Stony Brook University President Samuel L. Stanley kicked off the 2013 Stony Brook Convocation today with its main event, the State of the University Address–Stanley’s fifth. After looking back at last year’s accomplishments and the university’s future plans, Stanley stated that “the State of the University in 2013…is strong.”
President Stanley made sure to highlight Stony Brook’s many key accomplishments, including gaining membership into the 62-member Association of American Universities, the establishment of the Turkana Basin Institute in Kenya and the success of Stony Brook athletics.
The address also focused on Stony Brook’s place in the world and how the University is expanding its role. Focusing on the different Stony Brook-affiliated campuses around the world, President Stanley pointed at the recently established SUNY Korea as an example of Stony Brook’s expansion, stating “Stony Brook is the founding institute of Songdo [South Korea] global campus, becoming the only American university accredited in Korea.”
But to the surprise of some, instead of focusing on the accomplishments of last year, President Stanley placed the most emphasis on the plans for improving Stony Brook University over the next decade.
As Stony Brook senior English major Andrew Meerwarth said, “obviously a speech like this is just kind of just touching on the best points of our university, but he not only talked about the good things we have done, but how we will do more things in the future.”
At the start of the address, President Stanley acknowledged the approximately 100 new faculty members coming to Stony Brook University this year. After a long applause for the new staff, he said, “I want you to accept this applause as a sign of our commitment to all of your academic endeavors.”
In the coming years, Stony Brook students can look forward to several new plans and additional funding for key programs at the university. President Stanley, as Meerwarth put it, “brought it back home with all these new grand designs that we have and the important scientific research we are doing.”
Stony Brook students can also expect a new core curriculum created by university faculty members. “Our faculty have created a new core curriculum designed to help our graduates for the world beyond the University,” President Stanley said.
This new plan, simply called The Stony Brook Curriculum (SBC), is expected to be in place by the fall of next year, according to a memo by the Stony Brook Curriculum Implementation Group. The curriculum is meant to replace the D.E.C. program currently in place.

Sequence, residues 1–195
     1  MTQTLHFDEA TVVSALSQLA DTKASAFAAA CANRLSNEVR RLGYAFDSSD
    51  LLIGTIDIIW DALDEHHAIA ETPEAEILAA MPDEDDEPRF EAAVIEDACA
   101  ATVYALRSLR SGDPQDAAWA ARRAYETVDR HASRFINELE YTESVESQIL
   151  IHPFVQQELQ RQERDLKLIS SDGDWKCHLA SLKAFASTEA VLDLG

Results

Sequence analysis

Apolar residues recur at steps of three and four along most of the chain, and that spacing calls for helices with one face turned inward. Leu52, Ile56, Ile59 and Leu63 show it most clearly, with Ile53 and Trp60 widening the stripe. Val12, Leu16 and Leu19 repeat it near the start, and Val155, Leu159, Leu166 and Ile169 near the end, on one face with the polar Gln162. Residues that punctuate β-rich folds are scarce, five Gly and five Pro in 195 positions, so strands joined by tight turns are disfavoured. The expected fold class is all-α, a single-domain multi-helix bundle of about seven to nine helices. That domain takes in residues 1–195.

President Stanley will also be providing an additional $1 million fund for students that are members of the University’s “Education Opportunity Program” (EOP). As President Stanley noted, “I believe that it is critical that we show support for EOP on this campus.”
One of the more surprising plans for the university, which is highly recognized as a research-based institute, is a plan to provide an additional $1 million fund to the school’s humanities, social sciences and arts departments for the proposed purpose of small grants.
“I want to emphasize that it is absolutely imperative that we also support cutting edge work in the humanities and social sciences,” President Stanley said.
One of the members of the audience who was surprised by this but deeply appreciative of the plan was Meerwarth.
“I didn’t expect him to talk about the humanities as much as he did. Often times, I think there is lip service given to the humanities,” Meerwarth said. “But he’s not only supporting the humanities verbally but also financially.”
The main improvements Stony Brook will see in the next decade will come from new buildings and renovations. For the first time, President Stanley revealed a ten-year plan to provide “critical renovations, new classroom spaces, new dormitories and dining facilities, a re-purposing of the South Campus to residential areas, with new homes for the School of Dental Medicine and a massive renovation of the Student Union.”
Plans were also revealed for the renovation of the Melville Memorial Library and for the start of construction of the Medical and Research Translation complex, or MART.
President Stanley jokingly noted that Stony Brook has come a long way since its “Mudville” times, as seen in Stony Brook’s many accomplishments.